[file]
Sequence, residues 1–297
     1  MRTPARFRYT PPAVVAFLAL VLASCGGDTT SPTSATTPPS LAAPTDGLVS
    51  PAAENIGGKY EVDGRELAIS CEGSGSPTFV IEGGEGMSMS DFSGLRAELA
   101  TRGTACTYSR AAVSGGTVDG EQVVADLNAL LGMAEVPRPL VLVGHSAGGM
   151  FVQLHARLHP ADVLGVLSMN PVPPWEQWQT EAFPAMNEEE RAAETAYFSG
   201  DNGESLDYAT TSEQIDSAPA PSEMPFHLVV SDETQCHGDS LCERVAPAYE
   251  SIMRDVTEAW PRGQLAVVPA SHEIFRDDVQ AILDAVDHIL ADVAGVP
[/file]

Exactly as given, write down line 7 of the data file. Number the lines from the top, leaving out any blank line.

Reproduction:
   251  SIMRDVTEAW PRGQLAVVPA SHEIFRDDVQ AILDAVDHIL ADVAGVP